3 MORE Resolutions for the Reader in You
We make it part of their world and life; we interact with it in non-traditional ways.from “5 New Year’s Resolutions for the Reader in You”
I would say a good reader does that. Well, at least every good reader I know.
What if we don’t do that?
If you consider yourself a “reader”, not merely someone who “likes to read”, I’m sure you do this is some way. In a previous article about reader resolutions, I explained 5 ways you may make reading part of your life. And, in THIS article, I want to give your 3 MORE ways to interact with reading as a lifestyle and not just an activity. Between the two, I’m sure the reader in you has been participating deeper than you think. If not, it’s not too late to start!
I will study common allusions so I may better understand higher-level texts.
Most classic texts and higher-level modern texts will have references to other well-known texts. With that in mind, if you read these kinds of texts (which you should just for the challenge in understanding a more complicated human nature), having studied the 5 most common allusions would be of great help to you in order to better “get it”. If you actually did your reading in Western schools growing up, you probably read and studied a few already.
I will rate and review the stories I read on various sites.
As an indie writer and reader, I have come to understand the importance of ratings and reviews to get work into the hands of others. Reviews are how we share our opinion about a piece and help others decide if they want to invest their brain-power in reading the same one. Beyond marketing, though, reviews are also how we open others’ minds to different perspectives they may not have considered about a text. Considering we include part of our interpretation of the text in a good review, others have a chance to contemplate another side that will affect their decision to read it.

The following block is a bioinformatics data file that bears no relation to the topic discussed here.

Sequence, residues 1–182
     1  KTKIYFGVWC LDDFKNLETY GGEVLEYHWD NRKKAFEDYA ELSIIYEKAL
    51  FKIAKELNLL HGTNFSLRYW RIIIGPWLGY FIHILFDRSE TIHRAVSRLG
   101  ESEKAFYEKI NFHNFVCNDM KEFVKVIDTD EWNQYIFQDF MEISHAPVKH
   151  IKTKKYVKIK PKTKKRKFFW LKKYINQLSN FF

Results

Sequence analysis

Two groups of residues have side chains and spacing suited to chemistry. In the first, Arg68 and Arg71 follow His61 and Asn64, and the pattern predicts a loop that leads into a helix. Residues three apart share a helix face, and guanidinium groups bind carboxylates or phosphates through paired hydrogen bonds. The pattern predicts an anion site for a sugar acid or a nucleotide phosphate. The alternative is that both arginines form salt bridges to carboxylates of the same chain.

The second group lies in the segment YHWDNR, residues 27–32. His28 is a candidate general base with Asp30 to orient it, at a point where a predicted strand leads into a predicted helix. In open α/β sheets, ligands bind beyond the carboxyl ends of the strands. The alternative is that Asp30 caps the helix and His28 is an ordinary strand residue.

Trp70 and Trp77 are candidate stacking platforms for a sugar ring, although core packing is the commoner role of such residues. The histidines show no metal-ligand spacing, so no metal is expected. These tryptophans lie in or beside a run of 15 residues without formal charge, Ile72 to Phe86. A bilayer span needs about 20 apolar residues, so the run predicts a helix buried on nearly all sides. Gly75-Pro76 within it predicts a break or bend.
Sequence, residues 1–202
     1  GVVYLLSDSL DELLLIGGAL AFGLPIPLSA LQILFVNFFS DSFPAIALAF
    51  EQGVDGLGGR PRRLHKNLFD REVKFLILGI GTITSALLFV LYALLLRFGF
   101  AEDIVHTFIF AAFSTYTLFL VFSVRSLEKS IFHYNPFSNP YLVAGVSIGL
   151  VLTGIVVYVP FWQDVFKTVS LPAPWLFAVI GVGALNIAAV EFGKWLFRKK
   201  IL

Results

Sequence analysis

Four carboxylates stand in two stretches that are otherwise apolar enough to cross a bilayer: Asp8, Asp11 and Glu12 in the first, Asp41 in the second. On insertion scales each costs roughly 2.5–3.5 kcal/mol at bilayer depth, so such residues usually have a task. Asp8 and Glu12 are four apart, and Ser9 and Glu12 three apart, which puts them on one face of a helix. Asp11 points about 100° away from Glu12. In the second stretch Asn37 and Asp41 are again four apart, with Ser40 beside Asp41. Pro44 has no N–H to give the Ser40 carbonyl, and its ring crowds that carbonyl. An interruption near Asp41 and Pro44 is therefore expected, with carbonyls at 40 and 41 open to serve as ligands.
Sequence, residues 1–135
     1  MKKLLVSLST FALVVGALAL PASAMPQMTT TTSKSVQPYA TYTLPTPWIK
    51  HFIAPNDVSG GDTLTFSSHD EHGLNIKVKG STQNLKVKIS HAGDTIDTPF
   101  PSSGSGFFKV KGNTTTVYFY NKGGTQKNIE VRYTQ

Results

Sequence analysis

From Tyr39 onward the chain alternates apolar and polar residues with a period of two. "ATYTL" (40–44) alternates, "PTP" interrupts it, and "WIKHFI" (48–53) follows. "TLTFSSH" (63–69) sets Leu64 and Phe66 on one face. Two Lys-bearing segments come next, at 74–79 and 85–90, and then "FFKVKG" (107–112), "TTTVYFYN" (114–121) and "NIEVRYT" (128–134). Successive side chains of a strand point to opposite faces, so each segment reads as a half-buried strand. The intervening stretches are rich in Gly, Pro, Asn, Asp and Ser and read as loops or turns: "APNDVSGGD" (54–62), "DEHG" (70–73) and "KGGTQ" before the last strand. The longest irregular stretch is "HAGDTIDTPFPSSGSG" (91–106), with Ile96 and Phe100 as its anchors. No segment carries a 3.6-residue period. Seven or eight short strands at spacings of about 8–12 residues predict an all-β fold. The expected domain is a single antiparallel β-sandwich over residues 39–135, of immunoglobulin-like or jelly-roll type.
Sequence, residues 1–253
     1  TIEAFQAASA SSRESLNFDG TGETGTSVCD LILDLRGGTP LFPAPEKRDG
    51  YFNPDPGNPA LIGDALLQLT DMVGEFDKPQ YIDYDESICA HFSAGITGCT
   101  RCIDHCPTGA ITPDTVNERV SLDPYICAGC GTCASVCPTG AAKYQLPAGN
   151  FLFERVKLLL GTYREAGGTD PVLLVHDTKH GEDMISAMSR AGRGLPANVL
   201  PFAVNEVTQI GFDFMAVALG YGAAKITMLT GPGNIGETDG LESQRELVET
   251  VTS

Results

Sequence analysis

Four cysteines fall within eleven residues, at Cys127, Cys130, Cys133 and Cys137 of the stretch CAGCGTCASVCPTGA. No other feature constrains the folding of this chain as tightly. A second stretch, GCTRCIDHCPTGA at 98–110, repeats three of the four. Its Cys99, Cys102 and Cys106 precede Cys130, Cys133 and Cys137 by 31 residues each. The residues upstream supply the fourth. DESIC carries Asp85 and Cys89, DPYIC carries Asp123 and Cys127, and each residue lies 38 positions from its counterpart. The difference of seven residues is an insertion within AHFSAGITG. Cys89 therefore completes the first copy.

There are many places that books are posted, but the most popular that I have found people check for reader reviews is Amazon and Goodreads.
I will complement fiction and non-fiction readings so I can better understand both.
Most good books will expose you to something with which you aren’t familiar. With classic literature, it’s easy to find lots of things to research outside of the text to better help you contextualize it. But, what about modern reads, like romance, dystopia, fantasy, etc? I can almost guarantee that there is something deeper in every text you read. You may not need to research it to understand the story–like the sport in a sports romance, or the government structure in a dystopia–but I’m sure doing so won’t hurt. Expand your mind every chance you get; this is another chance to do so.
Being a reader means a lot more than just reading books; I’m learning that more and more as I immerse myself in the scholar and bookstagram communities. And, even if you aren’t involved with a club or community, when you have a true love of reading, you’ll do more than just finish book after book. It will become a way for you to understand and interact with the world through a more “experienced” lens. And it’s those “experiences” that make us better people.
What have been your reader goals so far this year? Have you done any of these or the other five?
Let us know in the comments below and on social media, of course!